Pearse said it looked like someone's holiday shopping spree.
She rummaged through the bags hoping to find a receipt with a name, to no avail. She said she was also concerned because she didn't want to be accused of stealing anything.
She put the sled in the back of her truck and took it home.
On Monday morning she brought the sled full of goods to the state troopers and posted the item on KSRM radio's Tradio, an online classified site.
That same day she got a call from an appreciative Mike Young.
Young, who recently moved into a place on Center Avenue, off of Echo Lake Road, said he'd been in Anchorage over the weekend shopping mostly for himself, but doing a little gift shopping as well.
On the way home, he and the friend he'd gone to Anchorage with stopped at Soldotna Trustworthy Hardware and Fishing for the sled and piled everything into the back of her truck.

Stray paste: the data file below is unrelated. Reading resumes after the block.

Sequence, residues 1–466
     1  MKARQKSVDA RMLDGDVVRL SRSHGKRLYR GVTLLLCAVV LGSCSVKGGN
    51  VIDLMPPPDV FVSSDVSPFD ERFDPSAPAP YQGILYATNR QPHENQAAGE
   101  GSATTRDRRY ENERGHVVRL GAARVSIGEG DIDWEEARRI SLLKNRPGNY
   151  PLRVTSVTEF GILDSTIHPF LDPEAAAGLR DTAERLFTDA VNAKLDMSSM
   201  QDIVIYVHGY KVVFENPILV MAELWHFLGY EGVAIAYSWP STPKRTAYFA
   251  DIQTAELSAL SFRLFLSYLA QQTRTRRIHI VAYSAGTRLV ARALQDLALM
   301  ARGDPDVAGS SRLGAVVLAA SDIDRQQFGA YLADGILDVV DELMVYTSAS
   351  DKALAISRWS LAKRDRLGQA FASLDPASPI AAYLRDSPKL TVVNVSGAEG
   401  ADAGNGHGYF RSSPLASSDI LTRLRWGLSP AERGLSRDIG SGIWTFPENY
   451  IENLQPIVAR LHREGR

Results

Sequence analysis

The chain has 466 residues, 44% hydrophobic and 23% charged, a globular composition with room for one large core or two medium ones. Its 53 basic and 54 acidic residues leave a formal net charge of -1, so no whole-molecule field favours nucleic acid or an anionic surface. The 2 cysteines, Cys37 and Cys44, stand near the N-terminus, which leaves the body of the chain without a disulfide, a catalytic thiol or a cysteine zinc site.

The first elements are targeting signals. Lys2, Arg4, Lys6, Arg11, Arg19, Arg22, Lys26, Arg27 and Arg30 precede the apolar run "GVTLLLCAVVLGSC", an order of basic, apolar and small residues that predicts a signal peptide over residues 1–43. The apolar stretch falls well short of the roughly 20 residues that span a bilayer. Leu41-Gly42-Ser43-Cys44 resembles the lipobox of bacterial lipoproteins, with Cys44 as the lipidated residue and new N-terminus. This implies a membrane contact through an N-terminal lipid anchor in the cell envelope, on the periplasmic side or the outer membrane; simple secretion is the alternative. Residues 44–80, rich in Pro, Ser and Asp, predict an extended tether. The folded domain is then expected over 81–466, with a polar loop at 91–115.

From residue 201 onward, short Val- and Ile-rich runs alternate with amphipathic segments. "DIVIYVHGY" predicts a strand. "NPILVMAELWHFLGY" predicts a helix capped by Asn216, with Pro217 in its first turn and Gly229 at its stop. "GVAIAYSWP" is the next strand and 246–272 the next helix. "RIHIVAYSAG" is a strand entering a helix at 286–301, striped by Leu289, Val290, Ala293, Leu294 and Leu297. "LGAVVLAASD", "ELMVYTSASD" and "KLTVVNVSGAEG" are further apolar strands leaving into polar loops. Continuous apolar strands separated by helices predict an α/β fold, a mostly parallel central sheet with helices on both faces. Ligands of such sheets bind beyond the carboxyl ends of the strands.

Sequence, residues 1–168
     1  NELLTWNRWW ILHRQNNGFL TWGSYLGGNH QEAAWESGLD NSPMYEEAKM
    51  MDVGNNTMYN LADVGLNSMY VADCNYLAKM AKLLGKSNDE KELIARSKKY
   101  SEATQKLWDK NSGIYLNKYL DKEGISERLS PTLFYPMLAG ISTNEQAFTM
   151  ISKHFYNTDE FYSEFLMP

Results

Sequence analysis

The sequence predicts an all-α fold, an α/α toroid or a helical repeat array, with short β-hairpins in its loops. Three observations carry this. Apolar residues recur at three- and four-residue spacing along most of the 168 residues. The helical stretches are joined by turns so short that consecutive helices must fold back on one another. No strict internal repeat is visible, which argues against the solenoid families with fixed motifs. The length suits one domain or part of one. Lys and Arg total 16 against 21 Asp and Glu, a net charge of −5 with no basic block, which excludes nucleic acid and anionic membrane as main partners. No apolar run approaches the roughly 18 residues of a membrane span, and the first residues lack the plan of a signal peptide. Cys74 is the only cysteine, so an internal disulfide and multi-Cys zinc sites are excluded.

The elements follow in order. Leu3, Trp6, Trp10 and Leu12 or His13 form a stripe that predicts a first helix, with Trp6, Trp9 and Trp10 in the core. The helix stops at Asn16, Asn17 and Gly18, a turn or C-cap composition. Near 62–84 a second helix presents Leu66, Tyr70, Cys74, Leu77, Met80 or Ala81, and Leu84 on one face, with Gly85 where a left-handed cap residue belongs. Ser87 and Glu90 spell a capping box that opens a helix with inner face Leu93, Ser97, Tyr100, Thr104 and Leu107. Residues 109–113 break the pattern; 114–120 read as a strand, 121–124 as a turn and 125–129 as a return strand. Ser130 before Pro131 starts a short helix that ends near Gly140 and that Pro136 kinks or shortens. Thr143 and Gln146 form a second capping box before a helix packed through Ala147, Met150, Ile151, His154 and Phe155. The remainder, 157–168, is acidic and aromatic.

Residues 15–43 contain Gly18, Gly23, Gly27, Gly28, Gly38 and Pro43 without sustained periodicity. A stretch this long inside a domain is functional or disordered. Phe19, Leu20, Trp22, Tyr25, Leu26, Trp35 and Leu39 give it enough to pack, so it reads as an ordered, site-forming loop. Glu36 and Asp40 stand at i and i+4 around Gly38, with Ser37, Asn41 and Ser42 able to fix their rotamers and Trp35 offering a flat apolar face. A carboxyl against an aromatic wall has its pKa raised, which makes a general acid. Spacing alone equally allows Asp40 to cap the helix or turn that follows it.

The truck however, has "tailgate issues," he said.
About an hour and a half after getting back to his place, Young said he went out to the vehicle and found the sled and everything in it missing.
He immediately headed back down the road, but said he had a feeling right away that something so big probably wouldn't stay parked in the middle of a road for very long.
Later that night he contacted the Soldotna Police.
The next morning he said he continued his search in the daylight, put up an announcement on Tradio and later contacted the troopers.
He said his friend whose truck the sled fell out of felt horrible and was already figuring out how to repay him.
A little after lunch, that stopped being an issue.
"I was pulling back into work when my phone beeped and I had a voicemail that someone had found it," Young said.
Mike called the woman, Pearse, back.